The same kind of "parkway entrance" sign is posted at the onramp to California 110 north from westbound Via Marisol, but an older Pasadena Freeway trailblazer (probably from the 1980s) is posted behind it. Photos taken 07/10/10.
The Via Marisol overpass was constructed in 1939. A chain link fence obscures the view of the parkway passing below the bridge (view looks north). Photos taken 07/10/10.
These views look south from the Via Marisol overpass onto the Arroyo Seco Parkway. Photos taken 07/10/10.
This sign is posted along southbound Avenue 57 at the intersection with Via Marisol. Continue south on Avenue 57 for the entrance to California 110/Arroyo Seco Parkway south or turn left to follow Via Marisol east to the onramp to California 110 north. Photo taken 07/10/10.
It is not too often that a "Stop" sign is mounted above a freeway entrance shield assembly, but is what may be found at the on-ramp from Via Marisol onto southbound California 110 at Exit 28B. Note the change from "Freeway Entrance" to "Parkway Entrance" in 2009. Photos taken 07/10/10 and 06/15/03.
Most of the Arroyo Seco Parkway lies below grade. In this view, Avenue 60 travels west across the parkway. The ornate bridge railing and decorative street lighting indicate that Avenue 60 will cross over California 110. Photo taken 07/10/10.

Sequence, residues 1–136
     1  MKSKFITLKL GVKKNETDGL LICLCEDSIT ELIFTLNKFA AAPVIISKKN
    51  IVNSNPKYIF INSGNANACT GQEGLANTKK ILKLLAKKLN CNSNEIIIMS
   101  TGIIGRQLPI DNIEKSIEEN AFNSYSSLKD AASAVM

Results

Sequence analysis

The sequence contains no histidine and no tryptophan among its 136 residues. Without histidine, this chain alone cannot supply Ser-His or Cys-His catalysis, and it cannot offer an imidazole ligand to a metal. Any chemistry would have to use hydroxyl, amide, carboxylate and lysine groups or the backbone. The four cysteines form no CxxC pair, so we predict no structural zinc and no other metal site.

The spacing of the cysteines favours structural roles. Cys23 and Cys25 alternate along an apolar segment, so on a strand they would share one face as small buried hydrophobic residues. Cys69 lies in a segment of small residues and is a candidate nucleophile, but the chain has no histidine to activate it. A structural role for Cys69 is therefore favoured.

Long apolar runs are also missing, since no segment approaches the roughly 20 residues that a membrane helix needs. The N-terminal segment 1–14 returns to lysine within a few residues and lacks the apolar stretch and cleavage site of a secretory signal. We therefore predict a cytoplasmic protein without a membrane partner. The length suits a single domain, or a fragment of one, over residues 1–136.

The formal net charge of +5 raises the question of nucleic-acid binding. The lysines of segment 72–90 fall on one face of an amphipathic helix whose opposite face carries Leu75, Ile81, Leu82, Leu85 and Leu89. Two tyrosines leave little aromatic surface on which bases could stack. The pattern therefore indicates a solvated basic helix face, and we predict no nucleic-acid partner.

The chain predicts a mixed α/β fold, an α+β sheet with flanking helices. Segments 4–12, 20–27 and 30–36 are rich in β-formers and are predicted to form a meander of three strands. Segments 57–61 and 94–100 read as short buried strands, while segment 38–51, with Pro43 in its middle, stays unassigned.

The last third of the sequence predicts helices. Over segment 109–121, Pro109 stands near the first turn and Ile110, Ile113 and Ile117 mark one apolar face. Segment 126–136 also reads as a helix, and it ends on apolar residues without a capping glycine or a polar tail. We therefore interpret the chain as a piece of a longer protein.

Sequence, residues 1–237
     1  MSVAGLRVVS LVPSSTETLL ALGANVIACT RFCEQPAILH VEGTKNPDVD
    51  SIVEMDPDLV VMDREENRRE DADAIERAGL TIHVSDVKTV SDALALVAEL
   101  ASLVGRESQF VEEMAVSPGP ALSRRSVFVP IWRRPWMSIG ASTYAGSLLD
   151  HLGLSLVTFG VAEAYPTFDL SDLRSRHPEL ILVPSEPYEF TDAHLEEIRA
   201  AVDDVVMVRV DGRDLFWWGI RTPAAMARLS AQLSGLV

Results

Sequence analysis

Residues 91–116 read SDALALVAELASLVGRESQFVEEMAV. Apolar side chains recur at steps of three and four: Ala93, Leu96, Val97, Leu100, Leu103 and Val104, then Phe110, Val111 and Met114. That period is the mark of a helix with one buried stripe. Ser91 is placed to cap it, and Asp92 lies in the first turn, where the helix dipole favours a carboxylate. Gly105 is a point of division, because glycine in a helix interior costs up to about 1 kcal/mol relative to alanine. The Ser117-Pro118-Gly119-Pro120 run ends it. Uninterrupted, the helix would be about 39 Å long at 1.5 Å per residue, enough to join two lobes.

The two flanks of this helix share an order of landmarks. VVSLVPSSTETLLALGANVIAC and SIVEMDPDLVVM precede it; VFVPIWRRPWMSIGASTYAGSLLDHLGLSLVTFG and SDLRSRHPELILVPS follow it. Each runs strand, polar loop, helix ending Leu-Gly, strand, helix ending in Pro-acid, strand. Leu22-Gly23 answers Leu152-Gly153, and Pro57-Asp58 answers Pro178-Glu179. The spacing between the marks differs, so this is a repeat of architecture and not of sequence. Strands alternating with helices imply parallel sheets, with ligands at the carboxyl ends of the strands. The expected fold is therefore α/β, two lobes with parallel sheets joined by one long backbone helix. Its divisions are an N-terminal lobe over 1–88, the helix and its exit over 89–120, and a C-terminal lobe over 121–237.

Westbound Avenue 60 meets Benner Street. Turn left here to follow Benner Street south to an onramp to California 110/Arroyo Seco Parkway (Pasadena Freeway) south. Photo taken 07/10/10.
Southbound Shults Street approaches the onramp to California 110/Arroyo Seco Parkway south (this onramp serves traffic connecting from Avenue 60 to California 110). The "Freeway Entrance" signs were replaced with "Parkway Entrance" signs in 2009 and 2010. Photo taken 07/10/10.
This California 110 trailblazer was posted along Historic U.S. 66/Colorado Boulevard in Pasadena. Photo taken 07/21/01.
This freeway entrance shield assembly is taken at the York Boulevard interchange during the 2003 ArroyoFest, which included a one-time closure of California 110 for pedestrians and bicyclists to enjoy the parkway without car traffic. Photos taken 06/15/03.